Astronomy Picture of the Day
January 22, 2013

Southern Spring
Southern Spring

Credits: NASA/JPL/University of Arizona - Credits for the additional process. and color.: Dr Paolo C. Fienga/Lunar Explorer Italia/IPF

In the EDM of today's APOD, countless bright, zig-zagging and whitish lanes of Carbon Dioxide (CO2) Frost (or, simply, Dry Ice) highlight an extremely intricated Network of Channels carved into the Surface of the South Polar Region of Mars. These Channels, however, are eroded a little bit more at every Martian Spring, when the Seasonal Polar Ice Cap, which at the South Pole of Mars is mostly composed of Dry Ice, sublimates (meaning that it goes directly from a solid state to a gaseus state) at the Ice-Surface Interface. The erosion occurs under the seasonal Ice Layer and, when a trapped (and pressurized) Gas Pocket finds an escape route, then it carries along some loose Surface Material. Once the Gas makes it to the open and gets dispersed, the loose Surface Material is then blown away in a downwind direction and, finally, falls down in Dark Fans on top of the Seasonal Ice Layer (see the CTX Frame and the EDM).
The Gas Pockets that are trapped in the Sub-Surface, always try to find the weakest and easiest escape-route to an open envirnoment and, in this specific area of the South Polar Region of the Red Planet, they exploited the already existing Cracks located in the Polygonal Structure of the Surface itself. As a matter of fact, Polygonal Terrain is very common at High Latitudes (even on our Home Planet Earth), and it is caused by the Thermal Contraction and Expansion of the Water Ice that is caught in the Dirt which covers the Surface.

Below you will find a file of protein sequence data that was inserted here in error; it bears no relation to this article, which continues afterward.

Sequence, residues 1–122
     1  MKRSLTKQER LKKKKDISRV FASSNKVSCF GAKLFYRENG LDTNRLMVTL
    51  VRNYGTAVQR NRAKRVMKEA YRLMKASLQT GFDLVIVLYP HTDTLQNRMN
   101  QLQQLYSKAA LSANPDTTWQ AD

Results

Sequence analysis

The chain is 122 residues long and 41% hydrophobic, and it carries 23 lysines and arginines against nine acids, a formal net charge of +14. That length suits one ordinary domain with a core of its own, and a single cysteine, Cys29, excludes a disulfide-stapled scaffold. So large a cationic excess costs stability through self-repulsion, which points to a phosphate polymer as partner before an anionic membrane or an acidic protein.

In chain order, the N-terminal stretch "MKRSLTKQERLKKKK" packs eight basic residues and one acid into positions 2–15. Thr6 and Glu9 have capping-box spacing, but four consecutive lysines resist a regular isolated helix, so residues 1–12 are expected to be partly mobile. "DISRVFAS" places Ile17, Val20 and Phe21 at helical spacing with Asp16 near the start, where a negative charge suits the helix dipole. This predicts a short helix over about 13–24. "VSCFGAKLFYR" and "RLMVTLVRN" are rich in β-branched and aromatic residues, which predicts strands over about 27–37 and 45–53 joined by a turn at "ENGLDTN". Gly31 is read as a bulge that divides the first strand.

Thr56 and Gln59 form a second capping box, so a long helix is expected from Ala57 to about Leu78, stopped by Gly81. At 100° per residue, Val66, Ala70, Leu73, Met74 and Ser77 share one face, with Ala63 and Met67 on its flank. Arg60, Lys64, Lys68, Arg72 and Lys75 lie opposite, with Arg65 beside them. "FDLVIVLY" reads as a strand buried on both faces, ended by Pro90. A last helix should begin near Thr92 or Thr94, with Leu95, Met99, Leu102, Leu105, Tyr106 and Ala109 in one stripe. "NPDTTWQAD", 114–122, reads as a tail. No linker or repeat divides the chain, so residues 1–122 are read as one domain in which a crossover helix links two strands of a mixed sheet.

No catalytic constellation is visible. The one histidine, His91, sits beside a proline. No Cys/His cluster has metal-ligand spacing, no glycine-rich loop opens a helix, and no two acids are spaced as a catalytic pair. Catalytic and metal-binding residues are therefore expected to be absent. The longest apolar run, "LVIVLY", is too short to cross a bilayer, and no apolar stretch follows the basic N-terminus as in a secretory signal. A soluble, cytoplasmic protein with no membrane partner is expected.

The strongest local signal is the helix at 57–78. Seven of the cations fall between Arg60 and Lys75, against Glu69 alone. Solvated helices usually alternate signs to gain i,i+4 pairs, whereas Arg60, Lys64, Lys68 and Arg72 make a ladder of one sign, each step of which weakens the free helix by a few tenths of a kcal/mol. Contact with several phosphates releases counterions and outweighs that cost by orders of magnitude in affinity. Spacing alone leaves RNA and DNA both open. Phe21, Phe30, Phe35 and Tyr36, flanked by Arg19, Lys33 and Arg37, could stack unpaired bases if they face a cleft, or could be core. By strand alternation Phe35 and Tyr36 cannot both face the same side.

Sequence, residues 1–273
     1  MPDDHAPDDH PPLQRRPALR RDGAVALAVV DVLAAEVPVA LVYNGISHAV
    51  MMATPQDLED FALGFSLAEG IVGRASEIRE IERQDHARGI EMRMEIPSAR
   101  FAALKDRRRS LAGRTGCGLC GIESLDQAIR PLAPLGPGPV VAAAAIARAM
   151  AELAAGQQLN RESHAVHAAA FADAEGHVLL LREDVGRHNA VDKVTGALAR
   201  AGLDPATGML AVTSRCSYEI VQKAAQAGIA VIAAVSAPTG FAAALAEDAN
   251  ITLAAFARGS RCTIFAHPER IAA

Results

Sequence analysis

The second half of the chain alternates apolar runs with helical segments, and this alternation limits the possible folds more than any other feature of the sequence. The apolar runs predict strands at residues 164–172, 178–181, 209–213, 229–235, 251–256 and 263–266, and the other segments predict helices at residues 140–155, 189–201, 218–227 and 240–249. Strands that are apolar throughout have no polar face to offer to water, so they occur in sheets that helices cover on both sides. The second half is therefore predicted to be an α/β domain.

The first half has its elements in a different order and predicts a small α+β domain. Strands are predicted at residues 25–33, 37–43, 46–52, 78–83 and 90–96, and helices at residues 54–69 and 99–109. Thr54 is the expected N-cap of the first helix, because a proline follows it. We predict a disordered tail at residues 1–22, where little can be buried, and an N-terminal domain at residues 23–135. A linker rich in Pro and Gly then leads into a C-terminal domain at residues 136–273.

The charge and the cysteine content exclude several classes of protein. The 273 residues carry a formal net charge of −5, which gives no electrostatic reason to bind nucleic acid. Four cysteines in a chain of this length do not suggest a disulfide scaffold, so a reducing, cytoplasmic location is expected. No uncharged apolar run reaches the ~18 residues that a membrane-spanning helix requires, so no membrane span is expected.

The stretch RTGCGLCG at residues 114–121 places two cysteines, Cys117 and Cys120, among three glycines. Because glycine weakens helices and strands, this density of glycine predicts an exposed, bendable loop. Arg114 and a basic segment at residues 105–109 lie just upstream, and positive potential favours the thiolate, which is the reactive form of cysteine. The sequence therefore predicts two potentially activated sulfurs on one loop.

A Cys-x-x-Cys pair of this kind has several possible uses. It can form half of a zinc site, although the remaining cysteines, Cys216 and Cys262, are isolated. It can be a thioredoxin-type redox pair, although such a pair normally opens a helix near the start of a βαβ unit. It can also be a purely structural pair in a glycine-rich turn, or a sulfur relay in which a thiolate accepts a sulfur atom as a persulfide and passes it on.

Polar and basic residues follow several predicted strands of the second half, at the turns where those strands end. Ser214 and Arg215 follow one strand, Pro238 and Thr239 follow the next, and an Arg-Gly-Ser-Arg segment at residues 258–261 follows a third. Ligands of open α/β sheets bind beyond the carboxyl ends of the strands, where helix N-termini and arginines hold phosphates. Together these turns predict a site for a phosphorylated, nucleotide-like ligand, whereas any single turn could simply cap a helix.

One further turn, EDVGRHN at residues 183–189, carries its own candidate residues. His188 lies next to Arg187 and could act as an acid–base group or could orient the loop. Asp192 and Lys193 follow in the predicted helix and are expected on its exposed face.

Mars Local Time: 17:27 (Middle Afternoon)
Coord. (centered): 85,039° South Lat. and 259,056° East Long.
Spacecraft altitude: 248,8 Km (such as about 155,5 miles)
Original image scale range: 49,8 cm/pixel (with 2 x 2 binning) so objects ~ 1 mt and 49 cm across are resolved
Map projected scale: 50 cm/pixel
Emission Angle: 5,5°
Sun-Mars-MRO Spacecraft (or "Phase") Angle: 82,8°
Solar Incidence Angle: 78° (meaning that the Sun was about 12° above the Local Horizon at the time the picture was taken)
Solar Longitude: 206,9° (Northern Fall - Southern Spring)
Credits: NASA/JPL/University of Arizona
Additional process. and coloring: Lunar Explorer Italia

These pictures (which are a NASA - Original Mars Reconnaissance Orbiter CTX b/w frame identified by the serial n. ESP_029545_0950-RED_NOMAP_browse and a NASA - Original Mars Reconnaissance Orbiter EDM false-color frame identified by the serial n. ESP_029545_0950) have been additionally processed and then colorized (and re-colorized, respectively) in Absolute Natural Colors (such as the colors that a human eye would actually perceive if someone were onboard the NASA - Mars Reconnaissance Orbiter and then looked down, towards the Surface of Mars), by using an original technique created - and, in time, dramatically improved - by the Lunar Explorer Italia Team.

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